GOYA NEWS PAGE ARCHIVE
Sarah Symmon's Art and Ideas: Goya book sales exceed 200,000
Details about this book (we have a review here) are at the sarahsymmons.com web site. It also notes the book has been translated into French, Japanese and Greek.
Echoes of Goya Multimedia Presentation
Classical guitarist William Feasley has been presenting a multimedia guitar and image performance titled "Echoes of Goya," in concert halls and music festivals. (A list of reviews and other information can be seen at umbc.edo here.) I wrote to the William Feasley web site to ask about this presentation, and Mr. Feasley replied:
I have just returned from a residency at the Centrum Chamber Music Festival in Port Townsend, Wa., where, among other musical activities, I presented my "Echoes of Goya" show. I have performed it worldwide, both in conjunction with a traveling show of the Caprichos and as a free standing concert event.
The show itself takes the form of a guitar recital with an accompanying power point slide show. The works of Goya that are featured range from his early "cartoons" through his mature portraiture, examples of the black paintings, six Caprichos and on to the Milkmaid of Bordeaux. The music
falls into three categories; music that was around Goya as he created his art, music that his art inspired and my musical associations between Goya's art and Spanish music.
The repertoire for the concert continues to evolve - most recently I commissioned "Three Goya Portraits" from the Cuban-American composer Jose Lezcano (which I premiered at the Mertz Int'l Guitar Festival in Bratislava in 2003).
The next time I will present Echoes of Goya will be at the Virginia Museum of Art in Richmond, Virginia on September 17, 2006.
Sonora Productions distributes William Feasley's music on CD. The Sonora web site is here.
The William Feasley Classical Guitarist web site is here.
Steinbeck Center in Salinas California Presents Caprichos Exhibit
Near Monterey, California, Francisco Goya: Los Caprichos, on exhibit June 10 through August 6, 2006. Steinbeck Center web site here. The Monterey Herald has an article by Claudia Melindez Salinas on the exhibit here.
This is the kind of artwork you would expect to see at Del Prado in Spain or the Los Angeles County Museum of Art, not at the National Steinbeck Center.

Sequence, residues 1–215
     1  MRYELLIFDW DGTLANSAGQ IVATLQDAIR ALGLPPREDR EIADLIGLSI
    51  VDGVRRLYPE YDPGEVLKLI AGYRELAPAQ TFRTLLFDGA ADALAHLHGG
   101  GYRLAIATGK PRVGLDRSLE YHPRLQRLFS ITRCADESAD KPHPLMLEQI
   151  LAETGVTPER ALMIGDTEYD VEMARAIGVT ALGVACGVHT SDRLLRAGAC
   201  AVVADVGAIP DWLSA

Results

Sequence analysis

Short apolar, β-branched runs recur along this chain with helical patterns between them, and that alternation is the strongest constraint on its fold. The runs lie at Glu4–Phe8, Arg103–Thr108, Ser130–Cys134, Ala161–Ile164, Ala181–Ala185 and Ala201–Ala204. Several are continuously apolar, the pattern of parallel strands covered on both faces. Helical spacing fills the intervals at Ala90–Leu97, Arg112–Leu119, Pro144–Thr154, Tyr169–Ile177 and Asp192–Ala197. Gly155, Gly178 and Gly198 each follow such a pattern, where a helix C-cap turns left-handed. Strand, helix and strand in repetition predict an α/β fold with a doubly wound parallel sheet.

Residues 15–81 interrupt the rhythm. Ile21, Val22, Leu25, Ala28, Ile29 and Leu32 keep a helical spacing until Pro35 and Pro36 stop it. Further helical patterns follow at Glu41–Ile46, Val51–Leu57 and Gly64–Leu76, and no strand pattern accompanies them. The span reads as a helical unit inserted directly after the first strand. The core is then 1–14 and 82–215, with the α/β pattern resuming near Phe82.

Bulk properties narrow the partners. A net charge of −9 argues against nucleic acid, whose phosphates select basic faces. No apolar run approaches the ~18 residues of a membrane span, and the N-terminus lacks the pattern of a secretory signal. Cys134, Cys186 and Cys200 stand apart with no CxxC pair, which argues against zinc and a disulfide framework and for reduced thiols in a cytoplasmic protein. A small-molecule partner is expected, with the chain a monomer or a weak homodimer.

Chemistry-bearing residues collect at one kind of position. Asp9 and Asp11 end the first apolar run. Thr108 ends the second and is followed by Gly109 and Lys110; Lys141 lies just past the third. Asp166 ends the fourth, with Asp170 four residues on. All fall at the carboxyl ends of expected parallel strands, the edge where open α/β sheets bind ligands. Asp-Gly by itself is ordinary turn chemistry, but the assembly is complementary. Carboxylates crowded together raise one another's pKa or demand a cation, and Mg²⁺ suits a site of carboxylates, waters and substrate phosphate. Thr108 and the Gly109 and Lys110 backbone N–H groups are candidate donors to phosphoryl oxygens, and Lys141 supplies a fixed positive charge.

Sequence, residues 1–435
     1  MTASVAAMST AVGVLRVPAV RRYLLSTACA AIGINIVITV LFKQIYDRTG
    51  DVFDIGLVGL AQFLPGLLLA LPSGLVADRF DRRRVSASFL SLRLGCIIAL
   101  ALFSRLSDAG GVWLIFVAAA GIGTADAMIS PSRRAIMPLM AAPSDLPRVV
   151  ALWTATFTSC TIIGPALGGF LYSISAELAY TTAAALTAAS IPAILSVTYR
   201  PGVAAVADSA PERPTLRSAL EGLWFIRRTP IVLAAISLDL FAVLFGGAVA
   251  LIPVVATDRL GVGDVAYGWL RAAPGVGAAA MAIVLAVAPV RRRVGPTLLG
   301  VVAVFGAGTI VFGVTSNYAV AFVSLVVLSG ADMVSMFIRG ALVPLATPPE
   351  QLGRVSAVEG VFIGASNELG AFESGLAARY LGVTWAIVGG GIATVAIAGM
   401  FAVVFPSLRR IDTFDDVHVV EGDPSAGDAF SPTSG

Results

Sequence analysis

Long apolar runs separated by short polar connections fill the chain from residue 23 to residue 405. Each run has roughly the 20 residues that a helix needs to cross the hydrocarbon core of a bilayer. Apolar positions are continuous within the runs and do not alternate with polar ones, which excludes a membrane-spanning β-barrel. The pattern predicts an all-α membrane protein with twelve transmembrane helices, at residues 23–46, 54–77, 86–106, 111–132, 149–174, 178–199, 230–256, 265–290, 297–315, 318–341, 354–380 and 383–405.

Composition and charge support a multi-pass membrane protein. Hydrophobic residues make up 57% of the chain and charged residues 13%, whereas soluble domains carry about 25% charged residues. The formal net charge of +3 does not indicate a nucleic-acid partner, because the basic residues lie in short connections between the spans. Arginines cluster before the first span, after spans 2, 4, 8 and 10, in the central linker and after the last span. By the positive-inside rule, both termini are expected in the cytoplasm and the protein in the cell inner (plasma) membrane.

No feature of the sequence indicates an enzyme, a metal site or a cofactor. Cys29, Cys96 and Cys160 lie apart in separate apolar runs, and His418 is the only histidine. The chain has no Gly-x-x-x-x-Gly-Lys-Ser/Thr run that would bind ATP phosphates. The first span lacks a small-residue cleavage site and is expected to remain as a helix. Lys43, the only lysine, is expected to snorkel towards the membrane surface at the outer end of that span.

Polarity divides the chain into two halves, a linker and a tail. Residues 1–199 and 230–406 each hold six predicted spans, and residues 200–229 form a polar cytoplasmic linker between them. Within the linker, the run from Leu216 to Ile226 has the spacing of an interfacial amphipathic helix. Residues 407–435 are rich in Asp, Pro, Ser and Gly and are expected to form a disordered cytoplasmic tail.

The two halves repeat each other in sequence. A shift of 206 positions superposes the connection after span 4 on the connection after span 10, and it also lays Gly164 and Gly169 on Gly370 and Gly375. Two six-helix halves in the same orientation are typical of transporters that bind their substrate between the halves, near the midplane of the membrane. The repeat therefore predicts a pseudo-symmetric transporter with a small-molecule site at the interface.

"Los Caprichos," a collection of Spanish master Francisco Goya's famed etchings, will be on display beginning today at the Salinas museum, the first time it has brought to town the works of such an influential, world-renowned artist.
"I wanted to bring this to Salinas," said Leti Bocanegra, the center's curator. "You don't see this kind of work here. It's important for the local community to be exposed to this."
Goya, considered by many the father of modern art, created his "Caprichos" -- Spanish for "whims" -- around 1797 after he went deaf from a serious illness. While convalescing in Andalucia, Goya devoted his time to portraying the reality that surrounded him. Judging by "Caprichos," society was not pretty.
The artist makes fun of human weaknesses and superstitions. In his piece "A caza de dientes" (Hunting for Teeth), he deplores the commonly held belief that the teeth of a hanged man would be a powerful ingredient for spells. In "Tal para cual" (Made for Each Other), he seems to be making fun of a pretentious couple -- neither the man nor the woman seem to be interested in each other.
"He set out to analyze the human condition and denounce social abuses and superstitions," wrote exhibit curator Robert Flynn Johnson, of the Achenbach Foundation for Graphic Arts, Fine Arts Museums of San Francisco.
Caprichos Exhibit on Guam
The Guam Pacific Daily reports on a Caprichos exhibit at the Isla Center for the Arts at the University of Guamin Mangilaoe here. The exhibit includes pieces by other artists, but the main feature is a set of 80 aquatint plates from Los Caprichos. The prints will be on exhibit through July 28 at the Isla center, 15 Dean's Circle, UOG. Admission is free. The main website for the Arts Center is here.
Madrid, the Prado and Goya Travel
The New Zealand stuff.com carries a Sydney Morning Herald article on the city with the most Goya paintings in the world here. Also, for those considering travel to the Prado, the UK Times Online has a general article (mentioning Goya) about Madrid here.
New Goya painting discovered
news24.com is reporting the discovery of a Goya painting from his Italian period. Note especially the characteristic of "a hidden face" mentioned about the painting:
Malaga-based expert, Paulino Gimenez, said "The Rope", acquired for €18 000 as an anonymous work 35 years ago, is worth about euro 4m.
The painting shows a woman, dressed in Roman-style clothing and holding a child, looking down from a window.
Gimenez believes the painting was painted by Goya around 1770, when he was an art student in Italy.